Simple C# code understanding

Questions about the code for C#

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2 Replies - 6001 Views - Last Post: 18 June 2010 - 04:23 PM Rate Topic: -----

#1 JAMSTA  Icon User is offline

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Simple C# code understanding

Posted 18 June 2010 - 03:38 PM

using System;

class Program
{
    static void Main()
    {
        Console.WriteLine("What is your name?: ");
        string name = Console.ReadLine();
        Console.WriteLine("Hello, {0}! ", name);
        Console.WriteLine("Welcome to my C# training :)/> ");
        Console.ReadLine();
    }
}



I get it all apart from: Where it says 'string name = Console.ReadLine();'. Why can't I just put Console.ReadLine() ?
There are 2 'Console.ReadLine();'
Where does the '{0}' come from and what does it mean ?
I am new to C Sharp as you can most likely predict, please either leave a detailed description that is simple for a 14 year old to understand in the forum or IM me at *******@hotmail.co.uk.

Thanks,
James :)

This post has been edited by JackOfAllTrades: 18 June 2010 - 05:05 PM
Reason for edit:: Added code tags.


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#2 Skaggles  Icon User is offline

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Re: Simple C# code understanding

Posted 18 June 2010 - 04:16 PM

The method Console.ReadLine() returns a string containing the data inputed by the user. So if I were to type in my name and press return, it would return a string containing my name. So by using a line like string myName = Console.ReadLine() you are assigning the variable myName to contain the string returned from ReadLine(). If you assign no variable to store the information, then the return value is discarded. The second ReadLine() does this only to wait for the user to press return before continuing with the code.

EDIT
As f or your other question regarding the {0}, this is a way to format a string with already existing data. Basically, {0} will replace itself with the first value following the string, {1} will replace itself with the second, {2} the third and so forth.

string myName = "Skaggles";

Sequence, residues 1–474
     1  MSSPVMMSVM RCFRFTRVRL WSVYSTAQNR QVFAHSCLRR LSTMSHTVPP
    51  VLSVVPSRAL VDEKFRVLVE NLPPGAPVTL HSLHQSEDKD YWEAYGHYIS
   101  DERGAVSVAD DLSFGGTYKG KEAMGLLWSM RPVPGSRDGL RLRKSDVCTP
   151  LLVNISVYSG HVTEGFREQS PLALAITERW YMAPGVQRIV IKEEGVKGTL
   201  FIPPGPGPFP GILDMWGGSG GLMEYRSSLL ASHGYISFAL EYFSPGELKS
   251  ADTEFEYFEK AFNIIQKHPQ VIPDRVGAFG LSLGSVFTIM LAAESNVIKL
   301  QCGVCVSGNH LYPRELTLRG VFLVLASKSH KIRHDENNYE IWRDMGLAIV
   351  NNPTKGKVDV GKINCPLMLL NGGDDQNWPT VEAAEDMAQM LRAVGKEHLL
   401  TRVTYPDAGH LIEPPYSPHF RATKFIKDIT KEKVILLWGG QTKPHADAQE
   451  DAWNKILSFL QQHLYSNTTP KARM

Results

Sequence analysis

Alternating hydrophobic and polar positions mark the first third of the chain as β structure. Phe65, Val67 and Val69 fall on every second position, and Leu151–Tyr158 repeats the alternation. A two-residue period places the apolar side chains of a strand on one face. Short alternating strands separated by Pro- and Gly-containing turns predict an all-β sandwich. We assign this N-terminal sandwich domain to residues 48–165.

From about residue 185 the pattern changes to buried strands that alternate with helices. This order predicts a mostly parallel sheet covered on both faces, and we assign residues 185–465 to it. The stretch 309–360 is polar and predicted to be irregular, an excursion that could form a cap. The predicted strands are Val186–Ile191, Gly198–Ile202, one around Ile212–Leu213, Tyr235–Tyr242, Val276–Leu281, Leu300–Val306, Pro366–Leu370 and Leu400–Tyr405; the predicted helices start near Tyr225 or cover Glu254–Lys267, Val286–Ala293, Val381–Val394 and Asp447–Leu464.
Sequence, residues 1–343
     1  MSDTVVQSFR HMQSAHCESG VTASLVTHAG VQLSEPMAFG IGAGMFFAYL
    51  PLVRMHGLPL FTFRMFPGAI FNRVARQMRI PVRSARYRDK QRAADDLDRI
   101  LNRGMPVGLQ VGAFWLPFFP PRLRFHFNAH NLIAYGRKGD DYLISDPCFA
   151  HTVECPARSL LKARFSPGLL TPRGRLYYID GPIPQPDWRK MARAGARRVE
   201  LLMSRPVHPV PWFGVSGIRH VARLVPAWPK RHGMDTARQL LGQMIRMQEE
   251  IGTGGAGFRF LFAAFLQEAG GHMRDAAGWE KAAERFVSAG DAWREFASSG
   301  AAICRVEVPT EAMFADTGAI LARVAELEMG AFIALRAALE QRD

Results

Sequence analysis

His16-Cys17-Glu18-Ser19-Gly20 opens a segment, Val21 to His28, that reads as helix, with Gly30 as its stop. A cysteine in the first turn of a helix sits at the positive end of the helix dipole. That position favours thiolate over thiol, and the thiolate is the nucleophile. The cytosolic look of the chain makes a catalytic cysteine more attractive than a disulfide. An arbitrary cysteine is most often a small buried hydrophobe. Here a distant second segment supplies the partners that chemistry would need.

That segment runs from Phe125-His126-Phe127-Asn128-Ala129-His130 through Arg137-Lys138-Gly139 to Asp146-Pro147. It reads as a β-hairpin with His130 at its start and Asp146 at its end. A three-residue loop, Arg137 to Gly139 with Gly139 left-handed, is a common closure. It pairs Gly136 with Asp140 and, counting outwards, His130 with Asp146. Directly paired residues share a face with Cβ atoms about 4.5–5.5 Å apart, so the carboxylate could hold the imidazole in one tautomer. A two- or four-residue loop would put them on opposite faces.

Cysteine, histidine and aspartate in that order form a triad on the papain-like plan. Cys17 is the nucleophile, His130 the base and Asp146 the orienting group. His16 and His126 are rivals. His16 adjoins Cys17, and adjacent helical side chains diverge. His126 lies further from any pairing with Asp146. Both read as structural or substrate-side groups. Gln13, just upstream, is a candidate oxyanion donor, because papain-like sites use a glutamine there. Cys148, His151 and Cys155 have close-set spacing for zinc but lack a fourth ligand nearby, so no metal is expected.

string greeting = string.format("Hi, my name is {0}!", myName);


This post has been edited by Skaggles: 18 June 2010 - 04:19 PM

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#3 Curtis Rutland  Icon User is online

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Re: Simple C# code understanding

Posted 18 June 2010 - 04:23 PM

View PostJAMSTA, on 18 June 2010 - 02:38 PM, said:

using System;

class Program
{
static void Main()
{
Console.WriteLine("What is your name?: ");
string name = Console.ReadLine();
Console.WriteLine("Hello, {0}! ", name);
Console.WriteLine("Welcome to my C# training :) ");
Console.ReadLine();
}
}


I get it all apart from: Where it says 'string name = Console.ReadLine();'. Why can't I just put Console.ReadLine() ?
There are 2 'Console.ReadLine();'
Where does the '{0}' come from and what does it mean ?
I am new to C Sharp as you can most likely predict, please either leave a detailed description that is simple for a 14 year old to understand in the forum or IM me at james-b09@hotmail.co.uk.

Thanks,
James :)


Well:

Quote

'string name = Console.ReadLine();'. Why can't I just put Console.ReadLine()?

Console.ReadLine() returns a string. It takes everything you enter in the command line up until you hit "enter" and then gives it to you. The thing is, if you want to use what it's giving you, you have to put it somewhere. So the string name part makes a string for you to store the stuff that Console.ReadLine(); gives you.

Quote

There are 2 'Console.ReadLine();'

The second one is kind of like a "pause" before ending. What happens when you run a C# console application is that it will open the console, run the program until it ends, and then exit. But you probably want to see what actually happens, so you have to find a way to make it pause right before it ends. Well, an easy way to do that is make it wait for input. Now, since you don't care what input you get, you don't store the input anywhere. That's why you can just call Console.ReadLine(); without anything behind it: because you don't want to keep the stuff it gives you back.

Quote

Where does the '{0}' come from and what does it mean ?

The "{0}" is a placeholder for some value. Notice this part:
Console.WriteLine("Hello, {0}! ", name);

There's a comma, and then a variable called "name". Remember earlier, we grabbed what came back from the console and stored it in "name", so when we use "name" in this context, it gets replaced by its value. So the {0} is a placeholder for whatever is inside "name".

You can hold more than one place:
string word1 = "Hello";
string word2 = "World";
Console.WriteLine("{0}, {1}!", word1, word2);

Will print: "Hello, World!". It replaces {0} with what's in word1, and {1} with word2.

Hope that has helped. I suggest picking up a C# for beginners book.
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